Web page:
On that basis, we conclude that, in most cases, performance may be a secondary concern when selecting an antivirus product, but it shouldn’t be one of your first criteria.

Enter to Win a Tom's Enthusiast PC with Vipre Antivirus here.

  • dogman_1234
    Regardless what anyone says: Using McAfee is like using a Glad garbage bag as a condom.
  • Martell77
    I've been using Trend Micros AV since y2k and haven't had a reason to switch. Because of the systems my clients have I never recommend Norton or McAfee and if they have it I always recemmend they switch. Its truely amazing how the performance of their systems increases after getting rid of those AVs, especially Norton.
  • soccerdocks
    On the scanning time page there is an error in the second graph. It also says first run.

    Also, the timing of this article was excellent. I had just been doing some research about what anti-virus software I should switch to, mainly based on performance, but I guess I just got all the information I needed.
  • compton
    Some of the results seem mysterious, like all the times the no-AV configuration scored lower in many tests than it should be faster in. Is it possible that using the Wildfire as the system drive instead of the platter would have eliminated this behavior? In general, I hope there is a second part to this that does include SSD runs. I would think any advantage AV products have vs. the no-AV config would evaporate.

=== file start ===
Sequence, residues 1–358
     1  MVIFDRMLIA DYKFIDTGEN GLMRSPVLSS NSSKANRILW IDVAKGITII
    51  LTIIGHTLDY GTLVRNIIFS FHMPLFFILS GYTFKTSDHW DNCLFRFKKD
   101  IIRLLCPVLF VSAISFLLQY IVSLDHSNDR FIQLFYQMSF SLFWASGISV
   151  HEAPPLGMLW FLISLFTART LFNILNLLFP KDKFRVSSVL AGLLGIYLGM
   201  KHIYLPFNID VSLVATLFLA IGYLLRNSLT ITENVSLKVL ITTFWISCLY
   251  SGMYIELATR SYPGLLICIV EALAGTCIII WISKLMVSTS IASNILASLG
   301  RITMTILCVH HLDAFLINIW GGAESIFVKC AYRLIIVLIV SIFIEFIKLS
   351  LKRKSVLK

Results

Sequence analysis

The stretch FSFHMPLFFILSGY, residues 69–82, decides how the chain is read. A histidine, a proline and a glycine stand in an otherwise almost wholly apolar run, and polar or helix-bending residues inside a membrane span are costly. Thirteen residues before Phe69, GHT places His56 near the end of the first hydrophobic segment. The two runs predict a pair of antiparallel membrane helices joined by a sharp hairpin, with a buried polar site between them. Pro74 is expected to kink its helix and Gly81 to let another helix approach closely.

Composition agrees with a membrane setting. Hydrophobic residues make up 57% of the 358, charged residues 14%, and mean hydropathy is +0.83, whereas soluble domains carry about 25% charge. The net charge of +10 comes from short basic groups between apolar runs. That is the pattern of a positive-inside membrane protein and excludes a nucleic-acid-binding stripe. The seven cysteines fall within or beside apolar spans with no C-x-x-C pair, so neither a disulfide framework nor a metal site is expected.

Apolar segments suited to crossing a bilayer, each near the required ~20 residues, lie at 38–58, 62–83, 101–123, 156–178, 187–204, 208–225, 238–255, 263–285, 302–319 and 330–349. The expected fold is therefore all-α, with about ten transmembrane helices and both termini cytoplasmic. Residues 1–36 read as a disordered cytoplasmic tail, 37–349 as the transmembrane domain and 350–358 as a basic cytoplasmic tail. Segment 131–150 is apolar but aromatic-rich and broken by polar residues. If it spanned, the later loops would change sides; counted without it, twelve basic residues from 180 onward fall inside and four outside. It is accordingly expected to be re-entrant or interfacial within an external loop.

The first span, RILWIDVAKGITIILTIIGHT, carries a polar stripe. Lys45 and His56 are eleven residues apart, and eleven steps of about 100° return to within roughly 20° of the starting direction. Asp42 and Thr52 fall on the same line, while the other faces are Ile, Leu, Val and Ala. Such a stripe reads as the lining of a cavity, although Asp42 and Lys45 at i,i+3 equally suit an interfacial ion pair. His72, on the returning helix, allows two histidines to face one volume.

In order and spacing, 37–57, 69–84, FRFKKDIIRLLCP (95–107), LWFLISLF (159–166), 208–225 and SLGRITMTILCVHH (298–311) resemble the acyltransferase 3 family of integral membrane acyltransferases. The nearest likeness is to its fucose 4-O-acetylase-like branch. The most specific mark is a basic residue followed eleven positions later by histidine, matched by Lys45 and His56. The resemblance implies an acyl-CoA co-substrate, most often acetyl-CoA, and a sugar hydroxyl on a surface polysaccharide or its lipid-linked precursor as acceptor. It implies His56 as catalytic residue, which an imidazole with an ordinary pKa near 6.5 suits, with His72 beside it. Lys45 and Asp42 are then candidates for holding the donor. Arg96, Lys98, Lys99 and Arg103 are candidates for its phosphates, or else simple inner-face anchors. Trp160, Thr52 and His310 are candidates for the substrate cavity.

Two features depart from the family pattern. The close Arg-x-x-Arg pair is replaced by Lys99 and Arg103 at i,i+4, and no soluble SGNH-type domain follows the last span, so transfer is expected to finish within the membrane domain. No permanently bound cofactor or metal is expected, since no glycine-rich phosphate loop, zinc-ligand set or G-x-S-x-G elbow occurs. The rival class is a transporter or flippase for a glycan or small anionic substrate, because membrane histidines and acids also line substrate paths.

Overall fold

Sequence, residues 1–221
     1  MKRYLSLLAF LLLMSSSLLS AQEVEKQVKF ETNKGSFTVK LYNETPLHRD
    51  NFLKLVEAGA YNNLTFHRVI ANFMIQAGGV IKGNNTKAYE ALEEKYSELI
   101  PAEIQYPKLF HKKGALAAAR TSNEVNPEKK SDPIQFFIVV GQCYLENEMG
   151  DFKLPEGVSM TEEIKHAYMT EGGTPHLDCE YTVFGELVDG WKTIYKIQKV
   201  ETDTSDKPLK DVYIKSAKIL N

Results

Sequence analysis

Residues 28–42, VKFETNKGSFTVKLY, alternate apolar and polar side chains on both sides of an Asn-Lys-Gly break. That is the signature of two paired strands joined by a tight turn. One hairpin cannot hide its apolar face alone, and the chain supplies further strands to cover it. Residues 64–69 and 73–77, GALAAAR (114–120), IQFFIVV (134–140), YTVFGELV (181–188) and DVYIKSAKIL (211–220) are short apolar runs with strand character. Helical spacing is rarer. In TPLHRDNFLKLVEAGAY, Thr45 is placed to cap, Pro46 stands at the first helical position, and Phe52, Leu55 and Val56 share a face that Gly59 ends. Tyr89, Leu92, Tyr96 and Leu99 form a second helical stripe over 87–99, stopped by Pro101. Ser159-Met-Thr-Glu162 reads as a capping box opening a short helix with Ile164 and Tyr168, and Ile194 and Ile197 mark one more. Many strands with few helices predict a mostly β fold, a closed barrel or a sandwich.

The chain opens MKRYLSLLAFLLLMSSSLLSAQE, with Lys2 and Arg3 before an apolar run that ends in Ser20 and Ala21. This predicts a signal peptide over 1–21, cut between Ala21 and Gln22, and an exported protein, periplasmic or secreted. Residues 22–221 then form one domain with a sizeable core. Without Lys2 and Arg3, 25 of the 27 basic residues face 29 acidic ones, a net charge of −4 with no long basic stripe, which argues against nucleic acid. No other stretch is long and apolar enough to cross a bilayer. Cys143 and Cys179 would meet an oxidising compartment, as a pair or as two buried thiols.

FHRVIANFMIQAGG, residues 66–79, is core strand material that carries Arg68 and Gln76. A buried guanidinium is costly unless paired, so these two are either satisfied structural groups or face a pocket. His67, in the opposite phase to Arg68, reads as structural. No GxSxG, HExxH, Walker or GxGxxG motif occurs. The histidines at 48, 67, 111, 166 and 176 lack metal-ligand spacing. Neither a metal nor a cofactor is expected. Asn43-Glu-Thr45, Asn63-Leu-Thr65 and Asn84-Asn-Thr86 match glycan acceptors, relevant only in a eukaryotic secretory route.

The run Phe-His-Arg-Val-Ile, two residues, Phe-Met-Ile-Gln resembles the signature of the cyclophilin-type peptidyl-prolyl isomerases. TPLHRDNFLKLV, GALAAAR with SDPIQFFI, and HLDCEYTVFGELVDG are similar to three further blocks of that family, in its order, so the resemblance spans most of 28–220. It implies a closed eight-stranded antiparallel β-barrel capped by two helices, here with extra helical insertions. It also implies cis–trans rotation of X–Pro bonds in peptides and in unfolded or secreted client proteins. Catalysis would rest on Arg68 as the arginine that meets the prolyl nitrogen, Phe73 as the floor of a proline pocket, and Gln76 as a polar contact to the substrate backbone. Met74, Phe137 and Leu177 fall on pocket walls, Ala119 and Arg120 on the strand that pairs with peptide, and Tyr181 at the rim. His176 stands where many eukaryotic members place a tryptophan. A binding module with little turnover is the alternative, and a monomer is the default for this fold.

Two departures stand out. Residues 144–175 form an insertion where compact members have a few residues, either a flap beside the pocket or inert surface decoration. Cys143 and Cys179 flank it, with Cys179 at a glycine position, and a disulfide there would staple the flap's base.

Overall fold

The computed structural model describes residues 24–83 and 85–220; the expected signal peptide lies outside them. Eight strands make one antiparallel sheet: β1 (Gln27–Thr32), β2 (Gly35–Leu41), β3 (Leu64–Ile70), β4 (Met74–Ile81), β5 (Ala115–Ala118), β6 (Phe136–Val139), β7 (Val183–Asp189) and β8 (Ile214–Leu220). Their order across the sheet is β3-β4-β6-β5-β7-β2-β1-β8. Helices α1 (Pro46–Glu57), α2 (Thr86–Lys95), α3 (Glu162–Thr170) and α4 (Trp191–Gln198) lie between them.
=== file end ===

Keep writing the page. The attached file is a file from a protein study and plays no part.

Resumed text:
I stopped using AV products on my personal systems back in 2003. Norton back then was god-awful on a Pentium 4 systems, seemingly crushing the life out of a system. Even with a first generation WD Raptor 36GB my P4 2.6 would choke not only with Norton, but also McAfee. I might not use AV software, but I do put it on my family members' systems when it doesn't kill performance. In that respect these modern solutions seem much better.
  • ChiefTexas_82
    On my Pentium D I have to run McAfee when I'm gone for a good while or sleeping as my computer slows to a crawl during the scan. Even bringing up the menus to stop the scan take way too long.
  • darkstar845
    Why didn't they test this on a computer with average specs? The 8gb ram and very fast CPU might be offsetting the impact that the AVs put on the computer.
  • bit_user
    Thanks for this. I remember the bad old days when AV could make software builds take several times longer.
  • cdhollan
    While my comment is completely tangential, but my inner chemical engineer can't resist making a small correction in what is otherwise a great article:

    >>Apparently, this is somewhat like saying you can boil water at 230 degrees Fahrenheit instead of 260 degrees. As long as the water is at 212 degrees or higher, no one really cares.
  • rottingsheep
    installing vipre speeds up your computer?
    i think something is wrong with your numbers.
  • Amazed ESET is not being tested considering it sells itself on its performance over the competition while maintaining the same levels of protection.....